The Cosmic Landscape. String Theory and the Illusion of Intelligent Design

24 July 2006

by Leonard Susskind, Little Brown and Company. Hardback ISBN 0316155799, $24.95.


In some theoretical physics institutes, uttering the words “cosmic landscape” may give you the feeling of walking into a lion’s den. Leonard Susskind courageously takes upon himself the task of educating the general public on a very controversial subject – the scientific view on the notion of intelligent design. The ancestral questions of “Why are we here?”, “Why is the universe hospitable to life as we know it?” and “What is the meaning of the universe?”, are earnestly addressed from an original point of view.

Darwin taught us that, according to the theory of evolution, our existence in itself has no special meaning; we are the consequence of random mutation and selection, or survival of the fittest. This is a baffling turn of the Copernican screw, which puts us even farther away from the centre of the universe. We live in the age of bacteria and we are nothing but part of the tail in the distribution of possible living organisms here on Earth.

A possible counter to this reasoning is the notion of a benevolent intelligence that designed the laws of nature so that our existence would be possible. According to Susskind, this is a mirage. Using current versions of string theory and cosmology he provides yet another turn of the Copernican screw. A good aphorism for this book can be found on p347 – the basic organizing principle of biology and cosmology is “a landscape of possibilities populated by a megaverse of actualities”. This may sound arcane, but the book gives a consistent picture based on recent scientific results that support this view. This is no paradigm shift, but an intellectual earthquake.

The author masterfully avoids the temptation to give a detailed account of our understanding of particle physics and cosmology. Instead, he provides an impressionistic, but more than adequate, description of the theories that have inspired us over the past 30 years, some verified experimentally (such as the Standard Model) and some more speculative (such as string theory). A more accurate description may have kept many readers away from the book, yet enough information is given to grasp the gist of the argument.

The main theme is the understanding of the cosmological constant – Albert Einstein’s brainchild, which later he called the biggest blunder of his life – the numerical value of which has been measured by recent astronomical observations. The numerical value of the universal repulsion force represented by this constant simply boggles the imagination. In natural units (Planckian units, as explained in the book) it is a zero, followed by 119 zeroes after the decimal point and then a one. Fine-tuning at this level cannot be explained by any symmetry or any other known argument. It is 120 orders of magnitude, something to make strong men quail.

We can appeal to the anthropic principle, but this is often taken as synonymous with the theory of intelligent design. Susskind avoids this temptation by turning to our best bet yet to unify, or rather make compatible, quantum mechanics and general relativity – string theory. Work from Bousso Polchinski and others implies that string theory contains a bewildering variety of possible ground states for the universe. In recent counts, the number is a one followed by 500 zeroes – a nearly unimaginably big number – and most of these universes are not hospitable to bacteria or us. However, the number is so big that it could perfectly accommodate some pockets where life as we know it is possible. No need then to fine-tune; the range of possibilities is so large that all we need is a procedure efficient enough to turn possibilities into actualities.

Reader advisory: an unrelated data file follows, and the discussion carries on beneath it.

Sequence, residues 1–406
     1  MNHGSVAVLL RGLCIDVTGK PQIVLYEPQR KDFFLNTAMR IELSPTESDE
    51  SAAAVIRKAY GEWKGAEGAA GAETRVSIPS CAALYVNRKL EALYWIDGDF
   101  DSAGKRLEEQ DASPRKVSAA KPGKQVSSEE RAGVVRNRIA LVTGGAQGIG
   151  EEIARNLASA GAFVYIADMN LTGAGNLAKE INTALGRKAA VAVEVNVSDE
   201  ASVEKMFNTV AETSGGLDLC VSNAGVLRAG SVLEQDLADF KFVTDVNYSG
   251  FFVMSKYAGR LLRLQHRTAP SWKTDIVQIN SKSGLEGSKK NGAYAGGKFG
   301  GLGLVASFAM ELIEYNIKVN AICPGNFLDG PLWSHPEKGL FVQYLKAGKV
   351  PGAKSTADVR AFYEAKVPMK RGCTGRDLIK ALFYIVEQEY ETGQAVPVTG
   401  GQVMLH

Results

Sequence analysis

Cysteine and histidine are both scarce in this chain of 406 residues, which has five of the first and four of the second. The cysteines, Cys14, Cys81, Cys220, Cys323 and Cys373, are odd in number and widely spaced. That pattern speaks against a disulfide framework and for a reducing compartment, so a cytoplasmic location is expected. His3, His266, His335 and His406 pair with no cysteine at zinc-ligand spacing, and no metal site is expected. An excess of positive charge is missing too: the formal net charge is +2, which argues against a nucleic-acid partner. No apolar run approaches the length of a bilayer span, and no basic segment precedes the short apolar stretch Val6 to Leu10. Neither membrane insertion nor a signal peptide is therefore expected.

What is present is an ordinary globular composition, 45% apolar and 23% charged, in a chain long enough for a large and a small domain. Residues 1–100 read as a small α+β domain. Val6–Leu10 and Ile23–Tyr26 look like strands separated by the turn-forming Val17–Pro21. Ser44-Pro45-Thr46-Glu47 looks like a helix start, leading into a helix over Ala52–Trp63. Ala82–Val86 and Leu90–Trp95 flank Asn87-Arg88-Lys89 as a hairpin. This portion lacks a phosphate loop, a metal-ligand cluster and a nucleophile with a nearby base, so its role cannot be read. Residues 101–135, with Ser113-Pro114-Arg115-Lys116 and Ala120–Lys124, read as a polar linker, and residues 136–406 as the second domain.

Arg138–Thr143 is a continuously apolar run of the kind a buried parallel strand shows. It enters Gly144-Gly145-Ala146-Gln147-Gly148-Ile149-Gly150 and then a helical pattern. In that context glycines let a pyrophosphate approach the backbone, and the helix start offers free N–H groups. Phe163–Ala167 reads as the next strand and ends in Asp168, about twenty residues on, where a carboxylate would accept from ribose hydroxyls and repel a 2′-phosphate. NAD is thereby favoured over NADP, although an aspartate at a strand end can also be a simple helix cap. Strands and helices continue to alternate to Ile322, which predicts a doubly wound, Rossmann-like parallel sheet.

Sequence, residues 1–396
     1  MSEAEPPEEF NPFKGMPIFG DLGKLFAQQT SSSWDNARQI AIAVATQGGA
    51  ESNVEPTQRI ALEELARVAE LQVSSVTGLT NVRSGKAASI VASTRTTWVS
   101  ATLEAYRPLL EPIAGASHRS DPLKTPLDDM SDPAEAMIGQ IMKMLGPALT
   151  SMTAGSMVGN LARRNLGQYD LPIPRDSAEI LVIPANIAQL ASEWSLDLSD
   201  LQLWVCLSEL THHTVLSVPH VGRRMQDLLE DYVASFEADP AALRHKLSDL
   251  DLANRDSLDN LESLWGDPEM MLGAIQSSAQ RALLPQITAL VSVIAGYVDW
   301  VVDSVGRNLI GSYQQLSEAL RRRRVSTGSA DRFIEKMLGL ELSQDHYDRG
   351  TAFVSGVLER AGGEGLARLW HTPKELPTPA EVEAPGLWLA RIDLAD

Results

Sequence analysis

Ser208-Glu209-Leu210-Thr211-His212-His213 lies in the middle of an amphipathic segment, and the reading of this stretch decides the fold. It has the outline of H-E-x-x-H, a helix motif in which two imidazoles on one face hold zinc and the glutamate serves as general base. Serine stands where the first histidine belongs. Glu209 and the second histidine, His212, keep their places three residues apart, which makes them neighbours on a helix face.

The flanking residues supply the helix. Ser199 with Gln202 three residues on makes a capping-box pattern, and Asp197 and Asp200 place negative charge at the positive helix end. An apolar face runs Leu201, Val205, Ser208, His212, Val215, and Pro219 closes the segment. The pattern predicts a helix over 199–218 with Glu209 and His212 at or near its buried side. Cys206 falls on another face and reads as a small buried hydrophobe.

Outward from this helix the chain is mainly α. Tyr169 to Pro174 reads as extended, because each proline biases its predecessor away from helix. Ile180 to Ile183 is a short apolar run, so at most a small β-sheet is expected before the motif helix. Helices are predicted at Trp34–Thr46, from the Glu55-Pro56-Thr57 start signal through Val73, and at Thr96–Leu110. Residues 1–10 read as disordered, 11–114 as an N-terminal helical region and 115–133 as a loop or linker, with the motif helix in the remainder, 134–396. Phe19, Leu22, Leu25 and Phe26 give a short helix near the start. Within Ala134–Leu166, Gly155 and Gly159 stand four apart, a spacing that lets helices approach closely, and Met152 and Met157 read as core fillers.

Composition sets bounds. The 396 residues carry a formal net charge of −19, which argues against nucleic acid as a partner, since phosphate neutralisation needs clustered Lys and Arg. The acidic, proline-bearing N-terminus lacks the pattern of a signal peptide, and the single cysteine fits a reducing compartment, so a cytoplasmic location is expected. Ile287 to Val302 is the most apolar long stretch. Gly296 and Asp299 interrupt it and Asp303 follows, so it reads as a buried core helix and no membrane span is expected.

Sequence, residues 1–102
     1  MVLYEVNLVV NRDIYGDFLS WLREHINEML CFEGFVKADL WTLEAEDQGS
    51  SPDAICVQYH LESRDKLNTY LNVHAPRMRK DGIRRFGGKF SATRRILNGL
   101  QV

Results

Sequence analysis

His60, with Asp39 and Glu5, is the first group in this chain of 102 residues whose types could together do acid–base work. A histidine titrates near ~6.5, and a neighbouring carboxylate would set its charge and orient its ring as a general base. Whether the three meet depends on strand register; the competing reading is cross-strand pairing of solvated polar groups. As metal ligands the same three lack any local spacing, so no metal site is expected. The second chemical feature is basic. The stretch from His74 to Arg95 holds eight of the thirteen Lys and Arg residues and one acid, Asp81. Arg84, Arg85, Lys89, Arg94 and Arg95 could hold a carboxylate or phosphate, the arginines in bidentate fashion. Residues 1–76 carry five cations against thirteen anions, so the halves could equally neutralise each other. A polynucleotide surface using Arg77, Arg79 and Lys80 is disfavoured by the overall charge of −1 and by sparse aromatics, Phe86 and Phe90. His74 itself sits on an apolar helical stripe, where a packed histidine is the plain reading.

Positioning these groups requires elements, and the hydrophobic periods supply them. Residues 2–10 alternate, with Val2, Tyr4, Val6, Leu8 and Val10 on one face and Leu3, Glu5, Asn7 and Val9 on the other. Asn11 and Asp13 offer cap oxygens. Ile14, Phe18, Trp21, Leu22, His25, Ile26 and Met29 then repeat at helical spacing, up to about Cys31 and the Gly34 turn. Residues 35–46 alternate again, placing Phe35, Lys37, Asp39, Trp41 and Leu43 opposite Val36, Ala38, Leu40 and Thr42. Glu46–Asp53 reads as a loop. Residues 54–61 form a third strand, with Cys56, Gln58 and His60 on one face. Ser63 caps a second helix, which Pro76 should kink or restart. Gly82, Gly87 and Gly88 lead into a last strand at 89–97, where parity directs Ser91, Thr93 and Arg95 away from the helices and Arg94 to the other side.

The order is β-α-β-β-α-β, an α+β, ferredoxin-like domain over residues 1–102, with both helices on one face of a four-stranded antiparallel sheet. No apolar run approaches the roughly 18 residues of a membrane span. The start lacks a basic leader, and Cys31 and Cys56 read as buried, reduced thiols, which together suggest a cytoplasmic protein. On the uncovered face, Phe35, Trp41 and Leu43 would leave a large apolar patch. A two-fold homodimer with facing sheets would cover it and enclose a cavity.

This is the megaverse provided by eternal inflation. The laws of physics allow for a universe far bigger than we have imagined so far and as it evolves it creates different branches, which among other properties contain different laws of physics, sometimes those that allow our existence.

This is radical, hard to swallow, and against all the myths that the properties of our observed and observable universe can be calculated by an ultimate theory from very few inputs – but it is remarkably consistent.

The topics analysed in this book are deep – it deals with many of the questions that humans have posed for millennia. It is refreshing to find a hard-nosed scientist coming out to address such controversial questions in the public glare, without fearing the religious or philosophical groups (or even worse, his colleagues), who for quite some time have monopolized the discussion.
Despite the difficult questions raised, when unfamiliar concepts are introduced, one finds a humorous punctuation based on the author’s personal experience, which lets you recover your breath. Some will find the arguments convincing, some will find them irritating, but few will remain indifferent.

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